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The jury has reached a verdict in a Clayton County botched circumcision case 
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The jury has reached a verdict in a Clayton County botched circumcision case 

The jury has reached a verdict in a Clayton County botched circumcision case 

The jury has reached a verdict in a Clayton County botched circumcision case 

WARNING: This story contains mature content that may not be suitable for all readers.

The jury has reached a verdict in a Clayton County botched circumcision case. 

The seven women, five men jury has awarded Baby D. and his mother $30 million for her son’s pain and suffering. The end of Baby D.’s privates were cut off after a circumcision went horrible wrong in 2013 in Clayton county. The jury also awarded an additional $380,000 for the mother and $400,00 for Baby D. when he turns 18.

The jury of seven women, five men deliberated barely 5 hours over two days before coming back with the first part that’s the compensatory part of their verdict.

Time, pain, and compensation.

Those were the themes of attorney Neal Pope's closing arguments at the trial over a botched circumcision in Clayton County.

 

Pope said time is "the stuff life's made of," something that's crucial for people in wrongful death or injury cases, and reminded the jury of the instant that it took to change a little boy's life forever. His first 18 days, said Pope, were Baby D.'s only normal ones of his life.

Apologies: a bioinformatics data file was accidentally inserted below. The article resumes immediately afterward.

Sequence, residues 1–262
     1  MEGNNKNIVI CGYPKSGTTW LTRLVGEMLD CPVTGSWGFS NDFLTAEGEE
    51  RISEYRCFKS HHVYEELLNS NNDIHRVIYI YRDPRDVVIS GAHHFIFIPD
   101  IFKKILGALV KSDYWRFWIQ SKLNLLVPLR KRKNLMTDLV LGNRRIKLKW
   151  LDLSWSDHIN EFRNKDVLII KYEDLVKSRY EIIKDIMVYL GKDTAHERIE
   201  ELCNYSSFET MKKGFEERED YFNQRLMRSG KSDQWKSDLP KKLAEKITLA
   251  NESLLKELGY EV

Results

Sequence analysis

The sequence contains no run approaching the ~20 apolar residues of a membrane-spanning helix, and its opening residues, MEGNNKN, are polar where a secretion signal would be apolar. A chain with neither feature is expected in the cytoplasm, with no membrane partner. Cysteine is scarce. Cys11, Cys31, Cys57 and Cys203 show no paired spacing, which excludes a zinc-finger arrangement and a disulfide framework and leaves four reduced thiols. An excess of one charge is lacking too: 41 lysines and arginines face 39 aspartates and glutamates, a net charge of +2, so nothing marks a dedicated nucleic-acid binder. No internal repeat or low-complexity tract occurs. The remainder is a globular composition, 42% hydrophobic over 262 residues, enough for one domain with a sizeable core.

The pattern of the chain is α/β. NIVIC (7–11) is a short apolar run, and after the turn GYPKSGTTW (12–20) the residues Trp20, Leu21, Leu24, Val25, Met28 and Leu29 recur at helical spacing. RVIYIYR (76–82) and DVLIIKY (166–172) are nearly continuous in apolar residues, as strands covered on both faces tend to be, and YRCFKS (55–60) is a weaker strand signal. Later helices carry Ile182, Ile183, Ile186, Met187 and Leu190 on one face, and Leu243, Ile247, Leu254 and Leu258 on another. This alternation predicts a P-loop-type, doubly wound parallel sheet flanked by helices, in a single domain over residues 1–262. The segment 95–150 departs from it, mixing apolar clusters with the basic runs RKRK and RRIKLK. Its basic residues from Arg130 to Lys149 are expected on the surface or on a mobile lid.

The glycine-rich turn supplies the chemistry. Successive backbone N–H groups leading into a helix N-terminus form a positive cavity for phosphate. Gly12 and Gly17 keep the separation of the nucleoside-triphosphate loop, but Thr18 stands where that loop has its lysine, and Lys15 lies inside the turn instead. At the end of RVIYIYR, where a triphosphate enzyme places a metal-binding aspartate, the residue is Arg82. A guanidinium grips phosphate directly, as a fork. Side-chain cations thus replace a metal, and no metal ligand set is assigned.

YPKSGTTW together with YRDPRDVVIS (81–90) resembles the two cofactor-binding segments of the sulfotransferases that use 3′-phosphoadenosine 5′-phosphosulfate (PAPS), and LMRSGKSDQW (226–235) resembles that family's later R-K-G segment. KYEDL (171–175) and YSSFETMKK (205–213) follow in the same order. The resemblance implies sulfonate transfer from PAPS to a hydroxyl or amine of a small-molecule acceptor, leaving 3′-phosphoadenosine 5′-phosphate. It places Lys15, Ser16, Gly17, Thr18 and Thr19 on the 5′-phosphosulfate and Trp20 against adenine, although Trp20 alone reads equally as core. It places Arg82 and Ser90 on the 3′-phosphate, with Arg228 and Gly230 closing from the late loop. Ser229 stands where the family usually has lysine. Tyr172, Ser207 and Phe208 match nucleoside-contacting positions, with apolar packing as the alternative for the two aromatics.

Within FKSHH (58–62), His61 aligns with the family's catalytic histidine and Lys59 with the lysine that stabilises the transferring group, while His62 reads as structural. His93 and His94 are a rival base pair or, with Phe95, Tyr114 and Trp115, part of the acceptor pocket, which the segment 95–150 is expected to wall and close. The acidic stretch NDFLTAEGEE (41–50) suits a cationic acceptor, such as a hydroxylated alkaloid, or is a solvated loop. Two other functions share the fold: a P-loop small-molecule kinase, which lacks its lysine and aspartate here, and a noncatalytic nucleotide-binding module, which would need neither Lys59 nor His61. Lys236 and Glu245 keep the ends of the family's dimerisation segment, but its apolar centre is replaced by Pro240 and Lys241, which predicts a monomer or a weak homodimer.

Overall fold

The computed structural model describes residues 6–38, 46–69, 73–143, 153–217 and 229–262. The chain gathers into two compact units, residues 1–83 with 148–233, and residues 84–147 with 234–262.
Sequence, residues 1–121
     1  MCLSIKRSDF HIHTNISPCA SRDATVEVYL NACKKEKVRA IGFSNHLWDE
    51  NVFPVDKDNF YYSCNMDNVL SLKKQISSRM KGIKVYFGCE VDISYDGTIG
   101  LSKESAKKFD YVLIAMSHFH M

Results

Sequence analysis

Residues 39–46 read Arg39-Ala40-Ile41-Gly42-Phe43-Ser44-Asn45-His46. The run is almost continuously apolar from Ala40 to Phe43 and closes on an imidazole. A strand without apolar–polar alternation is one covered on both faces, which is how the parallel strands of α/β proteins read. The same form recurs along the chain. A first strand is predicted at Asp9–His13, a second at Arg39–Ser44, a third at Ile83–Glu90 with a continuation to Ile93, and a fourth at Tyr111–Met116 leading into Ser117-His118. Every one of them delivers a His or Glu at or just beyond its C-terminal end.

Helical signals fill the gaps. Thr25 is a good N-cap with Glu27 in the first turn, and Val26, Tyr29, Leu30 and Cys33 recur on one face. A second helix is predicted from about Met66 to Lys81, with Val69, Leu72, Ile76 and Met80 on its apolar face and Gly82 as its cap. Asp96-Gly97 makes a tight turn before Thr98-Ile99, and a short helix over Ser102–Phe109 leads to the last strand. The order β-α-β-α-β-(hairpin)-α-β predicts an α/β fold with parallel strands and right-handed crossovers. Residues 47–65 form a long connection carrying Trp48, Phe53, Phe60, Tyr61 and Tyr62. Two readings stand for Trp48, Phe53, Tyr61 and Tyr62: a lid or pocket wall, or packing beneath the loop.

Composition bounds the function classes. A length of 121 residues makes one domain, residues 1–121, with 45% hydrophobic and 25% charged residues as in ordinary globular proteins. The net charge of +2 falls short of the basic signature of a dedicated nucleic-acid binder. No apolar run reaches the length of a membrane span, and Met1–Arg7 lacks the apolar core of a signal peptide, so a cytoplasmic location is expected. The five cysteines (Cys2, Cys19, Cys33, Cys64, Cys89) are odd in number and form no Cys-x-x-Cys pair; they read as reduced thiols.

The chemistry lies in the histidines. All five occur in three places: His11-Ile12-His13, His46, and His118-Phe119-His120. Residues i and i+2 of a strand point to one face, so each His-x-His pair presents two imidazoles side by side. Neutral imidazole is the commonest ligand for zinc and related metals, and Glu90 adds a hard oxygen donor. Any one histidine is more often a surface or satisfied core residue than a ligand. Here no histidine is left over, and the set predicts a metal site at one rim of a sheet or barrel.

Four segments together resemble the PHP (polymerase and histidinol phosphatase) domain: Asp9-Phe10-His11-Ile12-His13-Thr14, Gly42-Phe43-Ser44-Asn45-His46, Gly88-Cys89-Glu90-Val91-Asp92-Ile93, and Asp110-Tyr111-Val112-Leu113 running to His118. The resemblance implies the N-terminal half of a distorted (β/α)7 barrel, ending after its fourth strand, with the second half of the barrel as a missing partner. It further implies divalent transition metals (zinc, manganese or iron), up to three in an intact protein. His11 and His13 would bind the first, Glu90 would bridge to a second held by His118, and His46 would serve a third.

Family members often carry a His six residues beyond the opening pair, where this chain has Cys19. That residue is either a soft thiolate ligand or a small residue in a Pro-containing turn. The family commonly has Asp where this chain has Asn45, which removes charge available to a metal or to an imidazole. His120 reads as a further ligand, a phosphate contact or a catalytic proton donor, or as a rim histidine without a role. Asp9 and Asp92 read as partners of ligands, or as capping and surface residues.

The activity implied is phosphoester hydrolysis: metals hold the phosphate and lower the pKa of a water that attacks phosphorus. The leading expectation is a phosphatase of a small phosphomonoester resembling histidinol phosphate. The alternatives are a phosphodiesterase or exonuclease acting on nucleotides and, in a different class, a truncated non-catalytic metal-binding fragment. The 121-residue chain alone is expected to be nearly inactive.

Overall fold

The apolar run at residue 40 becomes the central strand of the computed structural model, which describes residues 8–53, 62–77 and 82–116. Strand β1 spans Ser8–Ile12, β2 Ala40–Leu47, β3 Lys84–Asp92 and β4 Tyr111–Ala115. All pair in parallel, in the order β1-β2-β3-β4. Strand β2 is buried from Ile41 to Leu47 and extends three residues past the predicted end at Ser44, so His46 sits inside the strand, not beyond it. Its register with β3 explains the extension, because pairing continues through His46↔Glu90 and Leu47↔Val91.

It was in 2013 when the 18-day-old D. was taken into Life Cycle OB/GYN in Riverdale by his mother. The hospital where she delivered him did not perform circumcisions, so despite her misgivings about having it done outside a hospital, she was reassured that the nurse midwife on duty was experienced and skilled in the procedure. Later, her baby boy's scream sent her flying into the room where the nurse midwife, Melissa Jones, testified that it took 10 minutes of direct pressure, a number of silver nitrate sticks and a pile of gauze to stop the bleeding.

"Time. How long does it take to make somebody go from normal to horribly injured? Flick of a knife--bam!" Pope said, snapping his fingers.

"With that flick of the knife, he was no longer normal and would never, ever, ever be normal again." 

D.'s glans--the tip of his penis--had been severed. And Pope pointed out that because no one told the mother that, or the fact that they had the cut-off tissue still there, she had no way of seeking out the treatment that likely would have reattached it with a narrow window of hours. That's the importance of time, he said.